The second section of the book informs the reader about the cultural richness of Kashmir and its people. Divided into seven chapters, this section narrates the tragic loss of culture and the reasons for its forfeiture to what author calls “robbing the valley of its rich heritage”. Here the author also recounts the advent of cinemas, everyday life experiences of common Kashmiris with film-watching, the changing of names of places in Kashmir with new forenames that forged new identities, and a few captivating tales of some important people of city Srinagar—with these containing aspects that are often missing or inadequately discussed in ‘mainstream’ histories. One can conceivably recognize the significance of this section further by reading two significant chapters: one, Of Prices and Fares and two, Romance with Rumours. The first one recounts the trade and prices of commodities in historical chronology while the second is a fascinating analysis of rumours that have been—and still continue to be—a source of political knowledge against the political elite in Kashmir. All these fragments of our past unveiled by Khalid’s book had till now not received any particular scholarly attention. It is here that the author meticulously captures the dynamics of the mood of the people living in the valley through tumultuous times over the last century.
Divided into five essays, the third section recounts Kashmir’s history where Khalid Bashir writes about the “oppressive Dogra rule” of more than a century, the birth of political awareness, and lastly the rise of a struggle for justice and emancipation. The most substantial contribution of this section is the concern of Sir Mohammad Iqbal vis-à-vis Kashmir. The author writes in detail about Iqbal’s role in the political awakening of Kashmiris, his anti-Dogra writings, speeches, and his love for Kashmir that made him an intellectual adversary of the Dogra regime. Based on numerous primary and secondary sources, Khalid Bashir debunks many false narratives that have been apportioned with Iqbal on Kashmir. The most thought-provoking is the lucid essay on Kashmiri Pandit community that discusses the causes and the prospect of the Pandit agitation of 1939—revisited by the author—and how the violent protests by the minority community in the Valley shaped the political climate of J&K. Similarly, in the subsequent chapters, i.e., 14th and 15th, the author expands upon insightful persuasive themes, such as how the Dogra government ruled the princely state by dint of its bureaucracy, the formation of many important but contested laws and rules, modes of transport, the construction of hotel in Gulmarg, and the different games that attracted many to Kashmir, ranging from polo to golf and cricket. The book ends with a crucial chapter on the history, evolution, role, and governmental control on journalism, particularly the print media in the Valley.
The superlative essence of the book can perhaps be best understood in an astute quote of Donald Rumsfeld, former US Secretary of Defence, “As we know, there are known knowns. There are things we know we know. We also know there are known unknowns. That is to say we know there are some things we do not know. But there are also unknown unknowns, the ones we don’t know we don’t know”. The author has been able to dissect the politics, culture, and history of Kashmir and the conflict in and over it by peering into the mist of socio-political history, weaving together a masterful chronicle and analysis in the process. Like his earlier writings, this book presents an insightful assessment of an author about the subject of his inquiry.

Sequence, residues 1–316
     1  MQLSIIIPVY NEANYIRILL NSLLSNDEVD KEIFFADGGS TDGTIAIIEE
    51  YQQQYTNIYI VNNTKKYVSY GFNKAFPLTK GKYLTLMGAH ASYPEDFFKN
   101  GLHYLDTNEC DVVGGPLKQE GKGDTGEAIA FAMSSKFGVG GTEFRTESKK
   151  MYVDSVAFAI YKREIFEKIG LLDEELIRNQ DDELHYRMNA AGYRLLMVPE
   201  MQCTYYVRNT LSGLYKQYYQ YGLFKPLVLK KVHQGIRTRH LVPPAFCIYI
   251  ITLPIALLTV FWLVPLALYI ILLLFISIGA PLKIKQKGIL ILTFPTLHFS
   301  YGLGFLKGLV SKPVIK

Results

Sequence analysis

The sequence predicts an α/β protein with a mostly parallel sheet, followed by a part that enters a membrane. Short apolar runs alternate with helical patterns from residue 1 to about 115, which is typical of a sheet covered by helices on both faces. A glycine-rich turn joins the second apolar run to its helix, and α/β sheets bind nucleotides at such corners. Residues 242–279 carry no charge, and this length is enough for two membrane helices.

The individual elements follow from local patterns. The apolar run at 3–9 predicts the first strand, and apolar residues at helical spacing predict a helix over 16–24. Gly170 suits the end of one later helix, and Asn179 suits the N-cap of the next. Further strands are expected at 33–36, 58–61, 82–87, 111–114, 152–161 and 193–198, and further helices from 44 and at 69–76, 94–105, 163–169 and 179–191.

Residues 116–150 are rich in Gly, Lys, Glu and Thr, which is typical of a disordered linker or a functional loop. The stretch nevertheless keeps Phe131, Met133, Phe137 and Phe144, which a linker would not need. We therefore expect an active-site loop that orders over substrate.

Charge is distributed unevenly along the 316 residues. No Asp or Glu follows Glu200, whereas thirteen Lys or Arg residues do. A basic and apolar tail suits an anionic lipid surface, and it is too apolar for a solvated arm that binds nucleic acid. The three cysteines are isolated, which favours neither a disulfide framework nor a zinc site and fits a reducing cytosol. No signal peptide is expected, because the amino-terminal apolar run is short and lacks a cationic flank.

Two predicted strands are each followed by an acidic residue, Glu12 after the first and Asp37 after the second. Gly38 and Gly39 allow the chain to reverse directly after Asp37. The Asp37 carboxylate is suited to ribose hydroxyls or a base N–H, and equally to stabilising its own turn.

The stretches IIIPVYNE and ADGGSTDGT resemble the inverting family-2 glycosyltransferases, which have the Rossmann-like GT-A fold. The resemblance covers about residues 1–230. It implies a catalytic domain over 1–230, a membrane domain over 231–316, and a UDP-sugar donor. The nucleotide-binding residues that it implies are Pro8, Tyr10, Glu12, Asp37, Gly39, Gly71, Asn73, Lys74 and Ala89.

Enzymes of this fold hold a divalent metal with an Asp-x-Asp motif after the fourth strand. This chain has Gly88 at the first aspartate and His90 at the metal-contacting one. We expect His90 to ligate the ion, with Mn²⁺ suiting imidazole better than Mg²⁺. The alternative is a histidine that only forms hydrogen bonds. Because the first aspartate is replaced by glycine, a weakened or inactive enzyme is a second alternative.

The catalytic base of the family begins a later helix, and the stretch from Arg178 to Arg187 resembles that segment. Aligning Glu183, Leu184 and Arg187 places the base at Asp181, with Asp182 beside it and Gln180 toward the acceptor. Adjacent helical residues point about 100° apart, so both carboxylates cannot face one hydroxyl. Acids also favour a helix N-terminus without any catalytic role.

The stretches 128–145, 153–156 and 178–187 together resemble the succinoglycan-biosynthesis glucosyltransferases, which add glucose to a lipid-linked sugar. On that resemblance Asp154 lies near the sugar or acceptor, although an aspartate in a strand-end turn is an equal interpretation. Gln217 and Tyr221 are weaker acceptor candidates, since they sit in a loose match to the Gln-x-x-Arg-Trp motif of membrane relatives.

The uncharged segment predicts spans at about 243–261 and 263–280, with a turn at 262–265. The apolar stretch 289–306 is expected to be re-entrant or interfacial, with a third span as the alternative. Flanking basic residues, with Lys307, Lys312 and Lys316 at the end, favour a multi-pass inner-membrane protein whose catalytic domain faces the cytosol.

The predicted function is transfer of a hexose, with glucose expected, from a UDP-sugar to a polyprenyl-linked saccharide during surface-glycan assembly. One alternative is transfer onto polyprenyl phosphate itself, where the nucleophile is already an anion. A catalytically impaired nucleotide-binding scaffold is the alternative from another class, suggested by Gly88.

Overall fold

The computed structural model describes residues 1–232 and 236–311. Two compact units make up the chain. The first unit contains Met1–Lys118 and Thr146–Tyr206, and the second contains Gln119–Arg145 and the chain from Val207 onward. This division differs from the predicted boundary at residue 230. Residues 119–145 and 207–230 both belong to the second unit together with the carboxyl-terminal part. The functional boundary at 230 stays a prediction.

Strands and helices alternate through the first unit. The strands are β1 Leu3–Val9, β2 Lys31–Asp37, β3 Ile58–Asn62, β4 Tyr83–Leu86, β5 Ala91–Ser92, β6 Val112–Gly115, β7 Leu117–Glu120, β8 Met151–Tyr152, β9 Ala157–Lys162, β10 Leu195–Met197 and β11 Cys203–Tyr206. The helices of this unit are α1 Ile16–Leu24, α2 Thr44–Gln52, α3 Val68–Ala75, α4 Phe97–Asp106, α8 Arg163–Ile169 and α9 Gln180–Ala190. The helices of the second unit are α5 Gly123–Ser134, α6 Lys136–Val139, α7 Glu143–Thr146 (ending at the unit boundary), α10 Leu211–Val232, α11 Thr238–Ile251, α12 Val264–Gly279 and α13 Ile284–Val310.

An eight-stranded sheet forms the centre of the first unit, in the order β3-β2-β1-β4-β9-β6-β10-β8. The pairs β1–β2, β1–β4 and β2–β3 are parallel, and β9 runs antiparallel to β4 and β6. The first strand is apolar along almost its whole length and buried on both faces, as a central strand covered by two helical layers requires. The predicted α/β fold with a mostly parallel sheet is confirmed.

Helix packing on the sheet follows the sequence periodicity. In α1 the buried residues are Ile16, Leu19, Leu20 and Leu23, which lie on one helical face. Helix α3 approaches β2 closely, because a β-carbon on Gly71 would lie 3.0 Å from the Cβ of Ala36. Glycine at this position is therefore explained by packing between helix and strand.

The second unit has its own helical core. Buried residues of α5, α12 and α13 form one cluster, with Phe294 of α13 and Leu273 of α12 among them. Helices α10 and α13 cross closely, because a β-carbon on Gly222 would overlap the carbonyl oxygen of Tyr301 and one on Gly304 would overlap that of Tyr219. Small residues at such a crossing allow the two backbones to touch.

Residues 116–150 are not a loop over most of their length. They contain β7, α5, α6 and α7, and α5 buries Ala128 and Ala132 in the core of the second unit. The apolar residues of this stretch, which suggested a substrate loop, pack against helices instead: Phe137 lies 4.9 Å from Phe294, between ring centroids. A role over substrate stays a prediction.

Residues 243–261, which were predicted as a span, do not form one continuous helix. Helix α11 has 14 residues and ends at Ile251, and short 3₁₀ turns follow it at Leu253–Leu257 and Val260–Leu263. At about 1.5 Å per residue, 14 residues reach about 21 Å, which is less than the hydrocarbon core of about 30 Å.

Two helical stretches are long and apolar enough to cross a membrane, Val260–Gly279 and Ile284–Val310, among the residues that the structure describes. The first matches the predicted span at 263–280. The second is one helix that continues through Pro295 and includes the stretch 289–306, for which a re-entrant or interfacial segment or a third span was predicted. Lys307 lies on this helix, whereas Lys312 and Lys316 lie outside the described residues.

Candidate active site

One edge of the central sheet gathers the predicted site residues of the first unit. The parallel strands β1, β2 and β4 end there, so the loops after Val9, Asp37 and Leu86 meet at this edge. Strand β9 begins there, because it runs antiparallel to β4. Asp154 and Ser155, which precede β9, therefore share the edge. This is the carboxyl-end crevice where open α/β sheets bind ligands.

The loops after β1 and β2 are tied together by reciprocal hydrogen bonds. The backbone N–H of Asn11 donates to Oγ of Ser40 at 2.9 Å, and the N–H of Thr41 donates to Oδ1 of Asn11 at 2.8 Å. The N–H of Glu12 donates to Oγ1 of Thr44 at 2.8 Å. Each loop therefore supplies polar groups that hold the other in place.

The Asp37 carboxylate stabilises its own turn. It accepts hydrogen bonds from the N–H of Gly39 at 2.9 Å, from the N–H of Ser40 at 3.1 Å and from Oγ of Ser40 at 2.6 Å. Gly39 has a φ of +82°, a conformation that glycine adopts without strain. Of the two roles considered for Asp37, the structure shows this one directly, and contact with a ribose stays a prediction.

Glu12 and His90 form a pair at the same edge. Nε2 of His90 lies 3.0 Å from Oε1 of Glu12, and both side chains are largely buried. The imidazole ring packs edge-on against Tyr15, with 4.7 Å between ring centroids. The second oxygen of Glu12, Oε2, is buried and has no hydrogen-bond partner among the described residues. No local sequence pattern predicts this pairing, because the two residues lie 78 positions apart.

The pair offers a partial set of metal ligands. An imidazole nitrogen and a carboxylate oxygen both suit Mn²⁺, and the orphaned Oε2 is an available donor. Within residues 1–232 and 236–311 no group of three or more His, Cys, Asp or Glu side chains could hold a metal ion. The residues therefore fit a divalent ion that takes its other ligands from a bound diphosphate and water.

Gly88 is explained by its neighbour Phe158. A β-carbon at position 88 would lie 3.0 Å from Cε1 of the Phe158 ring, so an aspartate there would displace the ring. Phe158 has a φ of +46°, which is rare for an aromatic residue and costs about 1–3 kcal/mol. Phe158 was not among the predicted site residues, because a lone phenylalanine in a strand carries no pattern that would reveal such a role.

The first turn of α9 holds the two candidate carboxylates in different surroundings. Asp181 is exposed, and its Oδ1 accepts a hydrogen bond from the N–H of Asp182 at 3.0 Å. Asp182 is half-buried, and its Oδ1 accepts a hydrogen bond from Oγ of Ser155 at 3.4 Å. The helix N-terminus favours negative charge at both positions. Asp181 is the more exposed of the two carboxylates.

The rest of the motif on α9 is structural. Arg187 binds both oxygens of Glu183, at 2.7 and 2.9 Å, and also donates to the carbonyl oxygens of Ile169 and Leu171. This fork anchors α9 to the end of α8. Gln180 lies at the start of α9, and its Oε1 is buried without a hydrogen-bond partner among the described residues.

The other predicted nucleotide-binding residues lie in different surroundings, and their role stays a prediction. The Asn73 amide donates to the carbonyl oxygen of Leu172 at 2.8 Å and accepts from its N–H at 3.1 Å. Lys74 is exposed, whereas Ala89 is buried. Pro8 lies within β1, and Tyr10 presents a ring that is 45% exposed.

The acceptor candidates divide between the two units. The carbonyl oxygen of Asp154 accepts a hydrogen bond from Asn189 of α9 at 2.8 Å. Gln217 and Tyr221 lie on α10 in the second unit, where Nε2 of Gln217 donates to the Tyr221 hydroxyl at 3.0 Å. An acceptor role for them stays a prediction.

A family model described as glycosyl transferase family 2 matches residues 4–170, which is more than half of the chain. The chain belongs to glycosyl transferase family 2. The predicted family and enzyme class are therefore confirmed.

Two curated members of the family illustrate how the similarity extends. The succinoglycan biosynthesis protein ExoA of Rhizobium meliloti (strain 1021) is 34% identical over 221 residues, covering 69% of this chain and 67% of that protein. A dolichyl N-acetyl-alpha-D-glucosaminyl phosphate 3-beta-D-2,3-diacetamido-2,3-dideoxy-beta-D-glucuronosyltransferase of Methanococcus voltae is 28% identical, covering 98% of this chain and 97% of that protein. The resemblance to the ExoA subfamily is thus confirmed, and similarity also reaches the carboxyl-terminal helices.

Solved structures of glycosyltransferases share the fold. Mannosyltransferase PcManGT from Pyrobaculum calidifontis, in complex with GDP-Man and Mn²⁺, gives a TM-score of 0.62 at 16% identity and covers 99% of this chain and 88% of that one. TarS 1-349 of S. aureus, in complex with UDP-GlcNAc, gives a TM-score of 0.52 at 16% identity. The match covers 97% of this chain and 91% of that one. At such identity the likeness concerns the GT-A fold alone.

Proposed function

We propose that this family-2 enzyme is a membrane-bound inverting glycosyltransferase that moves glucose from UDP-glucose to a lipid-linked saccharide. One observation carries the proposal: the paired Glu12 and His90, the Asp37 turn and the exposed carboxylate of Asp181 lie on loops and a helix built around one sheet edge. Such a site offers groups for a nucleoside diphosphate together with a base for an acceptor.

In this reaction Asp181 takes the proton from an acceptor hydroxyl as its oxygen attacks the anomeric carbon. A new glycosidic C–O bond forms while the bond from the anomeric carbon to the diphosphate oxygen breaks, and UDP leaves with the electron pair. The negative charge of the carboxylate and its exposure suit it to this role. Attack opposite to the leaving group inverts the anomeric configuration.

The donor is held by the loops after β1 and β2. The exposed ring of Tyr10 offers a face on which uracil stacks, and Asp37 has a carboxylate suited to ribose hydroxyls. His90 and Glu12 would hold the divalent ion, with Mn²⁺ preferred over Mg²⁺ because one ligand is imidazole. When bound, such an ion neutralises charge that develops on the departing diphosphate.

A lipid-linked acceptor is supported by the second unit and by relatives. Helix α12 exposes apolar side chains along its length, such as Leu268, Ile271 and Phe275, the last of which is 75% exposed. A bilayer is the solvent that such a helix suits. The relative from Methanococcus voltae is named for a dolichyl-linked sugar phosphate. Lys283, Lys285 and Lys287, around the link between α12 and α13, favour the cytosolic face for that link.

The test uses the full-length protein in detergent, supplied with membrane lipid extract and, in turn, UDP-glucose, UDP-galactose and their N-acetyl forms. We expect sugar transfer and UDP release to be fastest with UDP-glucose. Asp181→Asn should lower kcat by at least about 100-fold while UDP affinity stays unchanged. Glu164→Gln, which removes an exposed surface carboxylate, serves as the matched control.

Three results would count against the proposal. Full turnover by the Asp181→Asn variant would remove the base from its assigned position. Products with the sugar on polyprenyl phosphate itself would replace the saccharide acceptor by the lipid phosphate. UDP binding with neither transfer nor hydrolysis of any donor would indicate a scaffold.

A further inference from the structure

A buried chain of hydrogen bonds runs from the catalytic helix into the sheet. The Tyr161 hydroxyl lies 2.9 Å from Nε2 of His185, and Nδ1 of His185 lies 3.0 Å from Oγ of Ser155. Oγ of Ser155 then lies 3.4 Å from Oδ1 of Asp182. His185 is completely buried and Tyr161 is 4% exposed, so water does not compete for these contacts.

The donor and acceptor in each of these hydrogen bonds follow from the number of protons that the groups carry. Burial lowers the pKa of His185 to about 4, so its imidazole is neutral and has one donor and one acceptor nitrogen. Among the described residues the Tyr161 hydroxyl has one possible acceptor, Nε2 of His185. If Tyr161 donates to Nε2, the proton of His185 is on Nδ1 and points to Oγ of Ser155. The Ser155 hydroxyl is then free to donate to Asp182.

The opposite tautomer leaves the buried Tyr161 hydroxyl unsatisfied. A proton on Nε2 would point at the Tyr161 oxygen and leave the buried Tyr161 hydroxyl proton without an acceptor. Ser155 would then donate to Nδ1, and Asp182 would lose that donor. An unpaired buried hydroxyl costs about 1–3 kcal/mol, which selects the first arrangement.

Perhaps what is most salient about the book is the way the author has engaged with critical political developments, making the reader more anxious to read further in order to learn more. As a student of Kashmir politics, I believe this account is the most incisive and insightful one to have been written on Kashmir in the recent past. Since Joseph Korbel, Alastair Lamb, and Christopher Snedden, who produced masterful scholarship on Kashmir, Khalid through a critical and masterly dissection of the Kashmiri’s past takes us into the future of Kashmir from a diluted notion of history and the historical development found in traditional writing. And it is here that Donald Rumsfeld’s quote becomes more relevant.
Even though the author has succeeded in writing a comprehensive volume, there are issues that need further deliberation and serious engagement from a variety of scholars. The chapters on the Plebiscite Front, Sir Mohammad Iqbal and his contribution towards J&K’s socio-political development, and most notably the Pandit question needs further probing and critical engagement. However, keeping all the limitations in mind, the book comes along with some unique and interesting knowledge. The author certainly offers a unique perspective for looking at Kashmir’s tumultuous past, while offering something more than a variety of writings on Kashmir’s history. More importantly, it advances a local standpoint, thereby making a departure from the overwhelmingly foreign treatment of Kashmir’s history found commonly in preceding and contemporary texts. The book, rich in content extracted from primary source material, is indispensable for scholars, researchers, and the political class attempting to study Kashmir from a new and refreshing point of view.